Should 100-Year-Old Properties Scare You as an Investor?

Should 100-Year-Old Properties Scare You as an Investor?

3 min read
Kevin Perk

Kevin Perk is a full-time buy and hold and fix and flip real estate investor with over 15 years of experience. He and his wife Terron operate Kevron Properties, LLC, a boutique real estate investing company in Memphis, Tenn.

Kevin was a past president and is a current board member of the Memphis Investors Group. He’s also a blogger and writer who has authored hundreds of real estate investing articles on BiggerPockets and his own blog,, some of which have been featured on The Motley Fool and MONEY: Personal Finance News & Advice.

Kevin is also host of the SmarterLandlording podcast.

Originally from the Washington D.C. area, Kevin moved to Memphis to attend graduate school at The University of Memphis. After receiving his master’s degree in City and Regional Planning, Kevin climbed the planning career ladder to eventually become planning director of a county in the Memphis metro area. He “retired” from planning in 2003 to pursue real estate investing full-time.

Since “retiring,” Kevin’s main real estate investment strategy has been to buy and hold, otherwise known as landlording. Generally working in historic Midtown Memphis, Kevin is also known to fix and flip grand, historic homes when the right opportunity presents itself. He and his wife Terron (who is the principal broker at Perk Realty) have participated in dozens of real estate transactions in the Memphis metro area.

Kevin has the heart of a teacher and believes in helping others through education. An instructor of college-level geography for over 25 years, Kevin also regularly participates in seminars and panel discussions at such forums as the Memphis Investor’s Group and the Single-Family Rental Summit.

In addition, Kevin has been interviewed in publications such as the Memphis Commercial Appeal, the Memphis Daily News, and the Foreclosure News Report.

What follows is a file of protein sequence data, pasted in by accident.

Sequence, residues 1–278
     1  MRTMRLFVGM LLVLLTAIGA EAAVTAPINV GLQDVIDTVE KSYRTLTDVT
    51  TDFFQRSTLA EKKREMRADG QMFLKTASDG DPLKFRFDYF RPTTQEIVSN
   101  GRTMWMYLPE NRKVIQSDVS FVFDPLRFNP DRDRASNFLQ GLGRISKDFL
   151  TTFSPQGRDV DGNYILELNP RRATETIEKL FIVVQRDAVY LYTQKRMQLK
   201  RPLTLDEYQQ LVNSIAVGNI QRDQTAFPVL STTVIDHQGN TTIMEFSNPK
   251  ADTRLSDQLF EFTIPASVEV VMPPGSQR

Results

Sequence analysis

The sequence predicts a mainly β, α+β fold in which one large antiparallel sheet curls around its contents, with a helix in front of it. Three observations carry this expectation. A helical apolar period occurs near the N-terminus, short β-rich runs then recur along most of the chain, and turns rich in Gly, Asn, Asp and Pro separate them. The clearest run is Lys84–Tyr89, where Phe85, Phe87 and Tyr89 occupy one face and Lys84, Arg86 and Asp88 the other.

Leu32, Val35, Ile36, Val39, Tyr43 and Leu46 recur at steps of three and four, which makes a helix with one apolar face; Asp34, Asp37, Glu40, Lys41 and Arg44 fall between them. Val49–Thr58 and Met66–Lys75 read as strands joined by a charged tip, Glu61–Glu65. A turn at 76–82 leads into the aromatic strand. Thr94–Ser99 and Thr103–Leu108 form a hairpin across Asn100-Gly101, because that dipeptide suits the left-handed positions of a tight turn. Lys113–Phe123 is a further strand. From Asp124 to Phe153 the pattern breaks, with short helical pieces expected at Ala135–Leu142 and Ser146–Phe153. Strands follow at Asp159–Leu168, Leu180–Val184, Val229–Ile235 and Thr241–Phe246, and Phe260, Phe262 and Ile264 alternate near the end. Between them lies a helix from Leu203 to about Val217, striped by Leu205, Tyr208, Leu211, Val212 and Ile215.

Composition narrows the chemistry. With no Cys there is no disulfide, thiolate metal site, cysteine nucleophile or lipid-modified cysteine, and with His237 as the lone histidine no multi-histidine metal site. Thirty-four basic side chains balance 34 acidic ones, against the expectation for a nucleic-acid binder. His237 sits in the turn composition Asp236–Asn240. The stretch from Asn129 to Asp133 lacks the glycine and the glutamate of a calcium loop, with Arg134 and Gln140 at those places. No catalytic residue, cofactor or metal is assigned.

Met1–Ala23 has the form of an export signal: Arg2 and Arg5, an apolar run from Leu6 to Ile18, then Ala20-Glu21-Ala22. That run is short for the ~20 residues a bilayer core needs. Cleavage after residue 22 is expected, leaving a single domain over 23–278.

Kevin earned a master’s in City and Regional Planning from The University of Memphis.

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No, I’m not scared of 100-year-old properties. In fact, I have always been fascinated by older properties. They just have a look and a feel that you do not get with newer ones. They have a history and a story to them. I wonder who lived there. I wonder who worked there. I wonder what life was like for them 100 or more years ago.

I live in a home built in 1923, and I generally work with properties even older than that. I have nothing against newer buildings, as I have worked with them as well. But the older ones just seem more special and fun to me.

So no, I’m not afraid of older properties, but that does not mean they don’t come without some unique challenges, just as most other properties do. Some of those challenges will, however, be unique to older properties, as building techniques, materials, and styles have changed over the years. You simply have to be aware of these potential challenges going in and learn how to deal them. Then these older properties are just like any other property out there.

So, what are some of these unique and potential challenges that your will face with properties that are over 100 years old? Here are a few I have run across.

8 Challenges You May Face With Old Properties